REVISED PROCESS FLOW
- Icons and dropdowns are too small
- No incentive to scroll on home page
- Images are pixelated
- Color scheme is too bright / not pleasing to the eye
- Too many overwhelming options
- Unnecessary data visualization
- Search bar takes up whole width of page
- Search bar also covers navigation when open
- Really busy Footer
- No hover animations on home page
- Navigation does not have good contrast on hero image
- Confusing wording & way too much repetition
UX PSYCHOLOGY LAWS
- Fitt's Law: The amount of time it takes for a user to move their cursor/finger to a target area. Making the important links the obvious choice, allowing breathing room between choices, and grouping items together help communicate functionality.
- Miller's Law: The *magic* number 7 +/- 2, for the minimum and maximum amount of content to be displayed. Chunking items together, using hierarchy, and limiting the amount of "Call to Actions" are all great ways to convey organized information.
- Hick's Law: Keep it short and simple! The more options available to users, the longer it will take them to make a decision, so keeping things broken up into steps gives them smaller bites to "chew".
- Occam's Razor: Used when problem solving, to simply get rid of unnecessary elements that could make a design less efficient, "Simplicity is refreshing and shows care"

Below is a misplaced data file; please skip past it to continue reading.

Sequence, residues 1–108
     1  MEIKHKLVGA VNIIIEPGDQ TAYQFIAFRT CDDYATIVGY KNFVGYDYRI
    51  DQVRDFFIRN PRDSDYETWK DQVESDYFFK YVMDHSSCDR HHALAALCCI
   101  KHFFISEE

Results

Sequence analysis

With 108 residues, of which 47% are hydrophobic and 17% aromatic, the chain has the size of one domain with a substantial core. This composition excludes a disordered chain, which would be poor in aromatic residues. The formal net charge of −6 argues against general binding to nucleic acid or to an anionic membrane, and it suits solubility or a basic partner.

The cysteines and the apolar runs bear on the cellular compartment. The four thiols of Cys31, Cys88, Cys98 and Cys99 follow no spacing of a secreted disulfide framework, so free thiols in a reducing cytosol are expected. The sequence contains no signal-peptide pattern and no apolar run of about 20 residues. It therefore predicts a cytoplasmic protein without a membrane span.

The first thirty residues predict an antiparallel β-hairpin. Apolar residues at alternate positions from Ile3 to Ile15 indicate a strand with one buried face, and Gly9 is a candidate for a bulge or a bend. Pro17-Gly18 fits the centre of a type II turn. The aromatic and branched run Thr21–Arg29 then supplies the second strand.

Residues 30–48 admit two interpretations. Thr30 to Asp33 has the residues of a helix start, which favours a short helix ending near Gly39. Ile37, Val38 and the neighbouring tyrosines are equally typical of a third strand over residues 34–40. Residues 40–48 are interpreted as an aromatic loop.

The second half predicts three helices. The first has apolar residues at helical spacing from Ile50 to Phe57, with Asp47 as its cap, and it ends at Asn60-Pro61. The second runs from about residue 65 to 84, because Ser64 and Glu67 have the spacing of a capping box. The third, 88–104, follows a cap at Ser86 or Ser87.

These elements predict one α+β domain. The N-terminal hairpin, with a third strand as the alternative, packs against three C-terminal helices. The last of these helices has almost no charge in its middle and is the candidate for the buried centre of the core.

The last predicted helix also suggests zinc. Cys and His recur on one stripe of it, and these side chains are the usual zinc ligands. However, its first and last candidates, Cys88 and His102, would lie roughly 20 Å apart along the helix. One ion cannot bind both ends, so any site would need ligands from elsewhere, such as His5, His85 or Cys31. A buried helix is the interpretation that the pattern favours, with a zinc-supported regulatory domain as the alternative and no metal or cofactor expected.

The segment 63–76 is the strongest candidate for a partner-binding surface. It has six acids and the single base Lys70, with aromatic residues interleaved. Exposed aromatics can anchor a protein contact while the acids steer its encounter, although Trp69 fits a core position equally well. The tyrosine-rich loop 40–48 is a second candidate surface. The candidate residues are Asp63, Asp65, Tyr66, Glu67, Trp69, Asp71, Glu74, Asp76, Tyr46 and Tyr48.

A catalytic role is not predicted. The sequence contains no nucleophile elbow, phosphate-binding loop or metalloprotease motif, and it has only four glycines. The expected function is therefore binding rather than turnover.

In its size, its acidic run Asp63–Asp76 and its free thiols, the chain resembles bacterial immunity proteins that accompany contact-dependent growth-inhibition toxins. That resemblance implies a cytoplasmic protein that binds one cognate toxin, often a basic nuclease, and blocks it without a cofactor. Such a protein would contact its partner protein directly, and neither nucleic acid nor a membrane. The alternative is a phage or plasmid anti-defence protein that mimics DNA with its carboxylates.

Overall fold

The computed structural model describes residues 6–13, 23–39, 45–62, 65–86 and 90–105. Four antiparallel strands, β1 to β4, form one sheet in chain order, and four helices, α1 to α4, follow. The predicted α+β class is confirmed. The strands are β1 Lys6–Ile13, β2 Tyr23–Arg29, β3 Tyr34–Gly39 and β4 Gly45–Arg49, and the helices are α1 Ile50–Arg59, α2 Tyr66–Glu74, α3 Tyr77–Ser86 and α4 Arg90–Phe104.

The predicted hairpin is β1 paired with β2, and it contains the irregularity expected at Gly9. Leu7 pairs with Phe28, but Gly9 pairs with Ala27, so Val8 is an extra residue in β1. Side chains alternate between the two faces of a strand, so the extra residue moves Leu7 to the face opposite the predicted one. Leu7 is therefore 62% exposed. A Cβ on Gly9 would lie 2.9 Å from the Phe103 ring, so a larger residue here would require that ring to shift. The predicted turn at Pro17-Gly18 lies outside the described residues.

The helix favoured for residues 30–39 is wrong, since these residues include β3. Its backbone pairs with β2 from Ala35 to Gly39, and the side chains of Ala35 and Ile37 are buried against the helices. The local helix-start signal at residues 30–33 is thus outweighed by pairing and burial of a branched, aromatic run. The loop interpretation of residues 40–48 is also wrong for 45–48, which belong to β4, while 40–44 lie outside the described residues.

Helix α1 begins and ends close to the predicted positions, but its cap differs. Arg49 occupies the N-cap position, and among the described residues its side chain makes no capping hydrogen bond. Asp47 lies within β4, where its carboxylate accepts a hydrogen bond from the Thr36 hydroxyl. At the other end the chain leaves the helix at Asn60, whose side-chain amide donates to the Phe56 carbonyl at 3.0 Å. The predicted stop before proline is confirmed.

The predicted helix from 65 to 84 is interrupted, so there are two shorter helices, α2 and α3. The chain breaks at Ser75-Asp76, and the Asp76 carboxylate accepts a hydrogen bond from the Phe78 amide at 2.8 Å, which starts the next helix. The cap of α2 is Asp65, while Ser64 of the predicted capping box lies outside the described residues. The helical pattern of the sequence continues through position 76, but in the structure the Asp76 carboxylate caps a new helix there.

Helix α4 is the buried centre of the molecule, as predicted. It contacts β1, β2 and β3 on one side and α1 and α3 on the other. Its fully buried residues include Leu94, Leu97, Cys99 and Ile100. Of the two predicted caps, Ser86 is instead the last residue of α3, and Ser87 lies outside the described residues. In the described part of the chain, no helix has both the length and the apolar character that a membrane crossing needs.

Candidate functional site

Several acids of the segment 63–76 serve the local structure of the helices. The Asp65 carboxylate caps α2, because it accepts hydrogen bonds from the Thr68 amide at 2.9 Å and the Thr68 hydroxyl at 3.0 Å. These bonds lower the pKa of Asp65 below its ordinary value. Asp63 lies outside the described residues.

- Von Restorff Method: With multiple similar items, one item with a distinctive feature is going to be the easiest to remember creating the "isolation effect" by using color, size, placement, etc.
- Zeigarnick Effect: users will remember tasks that are incomplete more so than ones that are complete, like a cliffhanger at the end of a movie or tv show episode
individual cruise page
SHIP OVERVIEW TAB
using the ux theories
- I implemented Occam's Razor Principle by making a decision to remove the times in the itinerary and replacing them with the activities' icons, as well as simplifying and breaking up the ship's parameters to be easier to understand.
2. To incorporate Von Restorff's Method, I took advantage of the client's ask by highlighting the Suite room first to be the first room option that users see as they scroll down the summary portion.
3. In order to keep the users engaged and putting the Zeigarnik Effect into use, I made sure that both of my horizontal scrolling image sections were peeking in as previews on the sides. I also decided to include a button below the rooms section to tease that there are cruise activities to be viewed after my user testing.
Created with an image by Dannysee - "cruise ship travel"